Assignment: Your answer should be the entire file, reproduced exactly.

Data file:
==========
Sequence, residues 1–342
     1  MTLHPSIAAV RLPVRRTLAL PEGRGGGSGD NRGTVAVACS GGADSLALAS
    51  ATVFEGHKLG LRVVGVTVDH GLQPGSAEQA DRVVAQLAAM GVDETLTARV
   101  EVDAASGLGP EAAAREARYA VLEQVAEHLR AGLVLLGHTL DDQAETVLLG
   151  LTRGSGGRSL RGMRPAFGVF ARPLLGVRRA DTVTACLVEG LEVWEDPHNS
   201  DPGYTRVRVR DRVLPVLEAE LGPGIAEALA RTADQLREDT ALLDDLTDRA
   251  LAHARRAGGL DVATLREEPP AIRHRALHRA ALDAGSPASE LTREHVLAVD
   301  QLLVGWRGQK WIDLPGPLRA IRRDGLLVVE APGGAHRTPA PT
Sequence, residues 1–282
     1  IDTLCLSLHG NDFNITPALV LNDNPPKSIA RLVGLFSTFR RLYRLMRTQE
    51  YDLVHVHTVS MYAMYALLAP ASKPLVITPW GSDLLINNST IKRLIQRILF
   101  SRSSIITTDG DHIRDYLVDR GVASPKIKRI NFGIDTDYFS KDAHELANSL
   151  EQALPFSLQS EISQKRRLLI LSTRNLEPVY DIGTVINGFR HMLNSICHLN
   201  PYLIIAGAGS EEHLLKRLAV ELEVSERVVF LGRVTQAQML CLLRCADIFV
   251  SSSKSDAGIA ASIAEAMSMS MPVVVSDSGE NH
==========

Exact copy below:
Sequence, residues 1–342
     1  MTLHPSIAAV RLPVRRTLAL PEGRGGGSGD NRGTVAVACS GGADSLALAS
    51  ATVFEGHKLG LRVVGVTVDH GLQPGSAEQA DRVVAQLAAM GVDETLTARV
   101  EVDAASGLGP EAAAREARYA VLEQVAEHLR AGLVLLGHTL DDQAETVLLG
   151  LTRGSGGRSL RGMRPAFGVF ARPLLGVRRA DTVTACLVEG LEVWEDPHNS
   201  DPGYTRVRVR DRVLPVLEAE LGPGIAEALA RTADQLREDT ALLDDLTDRA
   251  LAHARRAGGL DVATLREEPP AIRHRALHRA ALDAGSPASE LTREHVLAVD
   301  QLLVGWRGQK WIDLPGPLRA IRRDGLLVVE APGGAHRTPA PT
Sequence, residues 1–282
     1  IDTLCLSLHG NDFNITPALV LNDNPPKSIA RLVGLFSTFR RLYRLMRTQE
    51  YDLVHVHTVS MYAMYALLAP ASKPLVITPW GSDLLINNST IKRLIQRILF
   101  SRSSIITTDG DHIRDYLVDR GVASPKIKRI NFGIDTDYFS KDAHELANSL
   151  EQALPFSLQS EISQKRRLLI LSTRNLEPVY DIGTVINGFR HMLNSICHLN
   201  PYLIIAGAGS EEHLLKRLAV ELEVSERVVF LGRVTQAQML CLLRCADIFV
   251  SSSKSDAGIA ASIAEAMSMS MPVVVSDSGE NH